This one would seem to be a no-brainer, but surprisingly the issue is not entirely clear even as we near the third anniversary of New York State’s Marriage Equality Law, which says that same-sex marriages and different-sex marriages are supposed to be treated equally for all purposes under New York Law. What happens if two women marry, decide to have a child through donor insemination, and then have a parting of the ways shortly after the child is born? Can the biological mother insist on exclusive parental rights and exclude her spouse from contact with the child? If the Marriage Equality Law means anything, the answer to that question should be no.
So it is a bit surprising that it took Monroe County Supreme Court Justice Richard A. Dollinger 28 pages to explain why he concluded that non-bio Mom is a parent who should be treated as such in the divorce proceeding with an equal claim to consideration for custody and visitation rights. The opinion is denominated as Wendy G-M v. Erin G-M (May 7, 2014). The women married in Connecticut before the New York law was enacted, but decided to have their child in October 2011, several months after the N.Y. law had gone into effect. They both signed a consent form agreeing to donor insemination procedures, as did their doctor, but the form was not witnessed and notarized and thus fell short of a New York statutory requirement that such a form be formally “acknowledged” to be valid. Both women participated in donor insemination, but once the birth mother became pregnant, the other mother ceased trying. They both attended appointments with the fertility clinic, they both attended pre-birth classes, and behaved as a family, including the birth mother’s posting on facebook of an excited announcement, stating “Our daughter will have two mommies when she arrives and a family that’s recognized wherever we go in the U.S.” A bit too optimistic, perhaps, as a majority of states still do not recognize same-sex marriages from other states.
The other Mom was present during childbirth, and the couple “jointly decided the name of the child.” Hospital officials were told by the birth mother that her spouse was a parent of the child, who was given a hyphenated surname reflecting both mothers, with the spouse named first. The birth certificate listed both women as parents of the child, but after the birth, the spouse “left the household, in her words, to ‘not cause undue stress or potential other problems'” By a week after the child’s birth, they had established separate households. The birth-mother filed the divorce proceeding in December 2013, less than three months after the child was born. Once she filed for divorce, she denied access to the child to her spouse, who then filed a motion for relief, including access to the child, maintenance, and attorney fees.
Justice Dollinger observed that there were two routes to analyzing the issue of the spouse’s parental rights, one statutory and the other common law. The statutory would lead through a complex maze of somewhat antiquated New York statutes that have not been adequately updated by the legislature to reflect the variety of family forms and developments in reproductive technology. Amazingly, New York’s statutes do not define “parent” and the courts have been left to fend for themselves without legislative guidance, leading to a variety of decisions, some widely deplored as unfortunate and out-of-touch with the reality of family life. If one were to follow this statutory line of analysis, Justice Dollinger found, the spouse would be out in the cold in terms of parental rights.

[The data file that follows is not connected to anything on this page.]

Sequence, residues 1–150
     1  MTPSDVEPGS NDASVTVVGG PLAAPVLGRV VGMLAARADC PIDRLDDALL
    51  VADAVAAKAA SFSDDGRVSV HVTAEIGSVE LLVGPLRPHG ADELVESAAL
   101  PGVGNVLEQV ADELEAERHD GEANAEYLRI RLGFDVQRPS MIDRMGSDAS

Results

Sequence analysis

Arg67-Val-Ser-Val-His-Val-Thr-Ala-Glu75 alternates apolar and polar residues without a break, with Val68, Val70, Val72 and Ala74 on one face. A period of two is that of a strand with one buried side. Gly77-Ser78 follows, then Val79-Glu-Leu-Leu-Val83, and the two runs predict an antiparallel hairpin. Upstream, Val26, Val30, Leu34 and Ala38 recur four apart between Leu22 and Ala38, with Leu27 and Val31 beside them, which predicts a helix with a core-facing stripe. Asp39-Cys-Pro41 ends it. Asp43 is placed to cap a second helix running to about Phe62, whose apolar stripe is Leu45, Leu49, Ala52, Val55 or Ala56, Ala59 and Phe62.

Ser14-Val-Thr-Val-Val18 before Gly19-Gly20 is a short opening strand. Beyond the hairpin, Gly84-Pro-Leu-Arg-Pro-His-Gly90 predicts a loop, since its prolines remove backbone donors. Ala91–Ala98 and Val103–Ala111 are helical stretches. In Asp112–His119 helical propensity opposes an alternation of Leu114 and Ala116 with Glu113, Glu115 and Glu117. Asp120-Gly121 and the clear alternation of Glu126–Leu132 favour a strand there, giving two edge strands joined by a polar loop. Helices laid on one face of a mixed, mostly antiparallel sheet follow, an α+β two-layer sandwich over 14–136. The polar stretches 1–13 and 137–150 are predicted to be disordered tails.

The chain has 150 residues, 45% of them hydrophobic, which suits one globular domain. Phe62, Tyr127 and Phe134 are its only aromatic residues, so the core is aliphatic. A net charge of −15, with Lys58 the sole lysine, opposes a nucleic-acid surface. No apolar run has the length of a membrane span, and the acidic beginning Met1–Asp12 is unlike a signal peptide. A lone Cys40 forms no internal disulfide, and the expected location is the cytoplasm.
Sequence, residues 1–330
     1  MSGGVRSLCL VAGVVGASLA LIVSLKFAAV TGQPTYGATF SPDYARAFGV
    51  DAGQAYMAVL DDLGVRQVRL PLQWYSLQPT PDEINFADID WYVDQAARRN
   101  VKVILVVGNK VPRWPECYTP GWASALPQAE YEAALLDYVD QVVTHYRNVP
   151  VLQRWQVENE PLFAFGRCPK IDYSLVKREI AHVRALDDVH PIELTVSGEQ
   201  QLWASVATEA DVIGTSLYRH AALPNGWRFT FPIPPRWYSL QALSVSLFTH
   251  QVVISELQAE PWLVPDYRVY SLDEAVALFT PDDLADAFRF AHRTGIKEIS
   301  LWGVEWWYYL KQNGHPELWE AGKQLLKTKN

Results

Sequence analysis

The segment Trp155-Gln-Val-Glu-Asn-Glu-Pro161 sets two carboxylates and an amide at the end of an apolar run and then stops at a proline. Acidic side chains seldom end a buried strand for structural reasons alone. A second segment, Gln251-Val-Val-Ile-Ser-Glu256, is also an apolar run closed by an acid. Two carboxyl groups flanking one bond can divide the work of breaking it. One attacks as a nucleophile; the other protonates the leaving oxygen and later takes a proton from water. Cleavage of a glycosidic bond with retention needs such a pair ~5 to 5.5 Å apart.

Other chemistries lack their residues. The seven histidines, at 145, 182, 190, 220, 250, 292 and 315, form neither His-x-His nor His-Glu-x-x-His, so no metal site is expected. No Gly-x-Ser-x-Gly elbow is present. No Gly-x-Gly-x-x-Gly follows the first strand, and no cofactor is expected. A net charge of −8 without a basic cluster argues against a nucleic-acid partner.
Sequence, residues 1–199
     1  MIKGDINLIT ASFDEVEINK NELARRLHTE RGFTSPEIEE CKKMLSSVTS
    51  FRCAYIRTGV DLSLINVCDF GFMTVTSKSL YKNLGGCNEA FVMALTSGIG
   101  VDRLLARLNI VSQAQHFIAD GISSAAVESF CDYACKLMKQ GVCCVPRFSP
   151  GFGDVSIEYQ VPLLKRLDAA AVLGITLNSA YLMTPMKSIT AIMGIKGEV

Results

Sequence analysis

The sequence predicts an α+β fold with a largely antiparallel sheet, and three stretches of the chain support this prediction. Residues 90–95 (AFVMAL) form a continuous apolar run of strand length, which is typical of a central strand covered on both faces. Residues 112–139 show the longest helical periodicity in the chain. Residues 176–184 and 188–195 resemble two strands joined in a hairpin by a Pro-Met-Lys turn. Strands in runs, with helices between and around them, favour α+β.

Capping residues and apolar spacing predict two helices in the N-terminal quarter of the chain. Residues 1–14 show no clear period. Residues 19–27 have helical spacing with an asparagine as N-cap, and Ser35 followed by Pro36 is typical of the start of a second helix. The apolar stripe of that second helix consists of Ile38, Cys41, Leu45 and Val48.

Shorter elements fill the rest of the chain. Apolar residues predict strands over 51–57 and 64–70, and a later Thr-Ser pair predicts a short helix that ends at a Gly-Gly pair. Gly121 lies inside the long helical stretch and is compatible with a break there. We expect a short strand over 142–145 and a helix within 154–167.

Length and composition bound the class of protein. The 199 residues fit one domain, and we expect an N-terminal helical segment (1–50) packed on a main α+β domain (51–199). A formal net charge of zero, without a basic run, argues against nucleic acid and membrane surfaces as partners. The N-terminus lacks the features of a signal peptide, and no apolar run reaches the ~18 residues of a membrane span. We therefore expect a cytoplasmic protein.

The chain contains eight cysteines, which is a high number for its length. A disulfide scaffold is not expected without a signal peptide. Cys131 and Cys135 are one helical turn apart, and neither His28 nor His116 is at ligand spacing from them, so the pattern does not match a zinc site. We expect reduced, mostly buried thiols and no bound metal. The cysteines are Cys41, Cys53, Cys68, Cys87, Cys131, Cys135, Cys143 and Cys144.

But the Marriage Equality Law suggests that this would not be an appropriate approach to take, because under the long-established “common law” (non-statutory law arising from court decisions) of New York, there is a strong presumption that when a married woman gives birth, her legal spouse is the parent of the child. This presumption was long grounded in an expectation that people obeyed the laws (some laws now defunct) under which the only lawful sexual acts were vaginal-penile intercourse between a married different-sex couple, therefore it was logical to assume that if a married woman became pregnant, the father was her husband. Such a presumption would make little sense in the case of a same-sex couple, of course, if it were based solely on biology. The purpose of this presumption was to advance the preference of the law that newborn children not be deemed “illegitimate” if at all possible.
Justice Dollinger decided that this common law presumption, viewed in connection with the Marriage Equality Law’s requirement of equality of treatment, and the uncontested fact that both women did sign the consent forms, even if they were not “acknowledged” and thus could not serve under statutory analysis of provisions on donor insemination to secure the spouse’s parental rights, decided that as a matter of common law there is a rebuttable presumption that the same-sex spouse of a woman who becomes pregnant through donor insemination is the parent of the resulting child. A rebuttable presumption could be rebutted by evidence that this was not what the parties had intended, but such evidence does not exist in this case. Indeed, it appears pretty solid from the consent forms and the facebook posting, as well as the other conduct of the parties during the period of insemination and pregnancy, that this is the result they intended.
Some other courts around the state have reached similar results without quite so much agonizing, and of course women who marry their same-sex partners and have children probably routinely expect this to be the case. A trial court ruling is not precedential, and it is unclear whether the birth mother intends to appeal. The lawyers in the case are Joanne Best from Brockport and Jeanne Colombo from Rochester.